Tag Archives: Companion Pieces

An Electric Blue Gown at Grandmother’s Party, 1788

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Bouquets, or Grandmother’s Party by Philibert-Louis Debucourt  (1788)

Grandmother’s party is popping with fashionable details:  the little boy in a striped suit, the chubby cheeked toddler’s bonnet that matches maman’s, and Maman.  The hedgehog hairstyle she’s sporting isn’t too hot, but how about the electric blue paired with a black lace and silk wrapper?

All in all the etching, dedicated to mothers, is a quaint family scene from an artist and social satirist who built up a body of work painting racier images.   You may compare it with Debucourt’s 1787 companion piece that is dedicated to fathers.

The Compliment, or New Year's Morning by Philibert-Louis Debucourt, 1787

The Compliment or New Year’s Morning by Philibert-Louis Debucourt (1787)

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‘La Rose Mal Défendue’: Debucourt’s Reply to Garnier

I owe this post in its entirety to the kindly gentleman @Dezilvereneeuw who sent Philibert-Louis Debucourt’s reproduction work of  ‘The Poorly Defended Rose’ my way.  This version, ‘La Rose Mal Défendue’, dates from 1791, the year Michel Garnier painted ‘The Letter’, his follow-up work to ‘The Poorly Defended Rose’.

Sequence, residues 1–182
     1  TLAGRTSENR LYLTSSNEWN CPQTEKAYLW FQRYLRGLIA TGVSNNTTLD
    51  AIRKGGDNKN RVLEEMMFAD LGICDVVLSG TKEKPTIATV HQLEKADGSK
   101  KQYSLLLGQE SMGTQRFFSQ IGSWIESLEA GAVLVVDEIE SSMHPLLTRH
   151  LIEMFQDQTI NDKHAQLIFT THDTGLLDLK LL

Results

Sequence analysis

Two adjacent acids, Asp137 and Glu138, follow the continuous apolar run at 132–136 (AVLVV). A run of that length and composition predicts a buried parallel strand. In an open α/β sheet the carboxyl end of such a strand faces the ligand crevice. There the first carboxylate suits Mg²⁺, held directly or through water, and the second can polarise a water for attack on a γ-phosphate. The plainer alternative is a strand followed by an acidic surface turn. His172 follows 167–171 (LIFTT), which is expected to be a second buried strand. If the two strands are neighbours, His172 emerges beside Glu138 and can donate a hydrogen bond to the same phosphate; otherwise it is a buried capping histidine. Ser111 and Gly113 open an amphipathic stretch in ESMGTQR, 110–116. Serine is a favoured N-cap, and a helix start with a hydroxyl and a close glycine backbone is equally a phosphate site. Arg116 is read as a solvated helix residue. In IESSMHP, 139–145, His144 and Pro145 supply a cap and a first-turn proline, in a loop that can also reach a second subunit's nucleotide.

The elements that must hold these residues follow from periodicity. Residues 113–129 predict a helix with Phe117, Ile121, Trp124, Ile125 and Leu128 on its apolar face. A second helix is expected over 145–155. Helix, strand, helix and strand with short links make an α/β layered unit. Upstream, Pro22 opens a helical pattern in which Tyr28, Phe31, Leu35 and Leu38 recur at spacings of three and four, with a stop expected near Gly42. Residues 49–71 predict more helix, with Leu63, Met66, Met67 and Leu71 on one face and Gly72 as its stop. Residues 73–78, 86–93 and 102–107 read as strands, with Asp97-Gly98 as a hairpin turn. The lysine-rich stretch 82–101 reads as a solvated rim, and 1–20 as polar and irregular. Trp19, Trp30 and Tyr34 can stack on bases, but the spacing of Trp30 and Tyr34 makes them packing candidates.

Philibert-Louis Debucourt | La Rose Mal Defendue | 1791
Reproduction work of Garnier’s ‘The Poorly Defended Rose’

The fantastic thing about Debucourt’s ‘Rose’ is the spin he’s put on the vignette.  What’s different?  First off, the lovers have been transported to the bedroom.  The seduction appears to have been a fevered pursuit–our (anti) gentleman is practically yanking off the lady’s shawl.  But–and this is so lovely–the lady is in possession of the rose.  Is she going to give it away freely?  Or will the gentleman overcome her?  I do wonder; she has a coy expression.  Methinks this lady doth not protest enough!

Debucourt’s foreground also mirrors Garnier’s.  Almost every prop is in disarray, from the tipped chair and hat to the rumpled bedding and ribbon/sash spilling from a drawer.  Interestingly, the book in Debucourt’s version is closed.  @Dezilvereneeuw has pointed out that Garnier’s book is believed to be a songbook, which makes sense given the caged bird (does it sing?) and the lovers who will soon sing a song together.   All and all I think I prefer the theme of Debucourt’s over Garnier’s.  The 18th century was rife with depictions of women being taken advantage of, and it’s refreshing to see a lady with a bit more agency than a Pamela or a Clarissa.

What do my readers think?  I’d love to hear it.

If you missed the post on Michel Garnier’s ‘The Poorly Defended Rose’ and ‘The Letter’, find it here.

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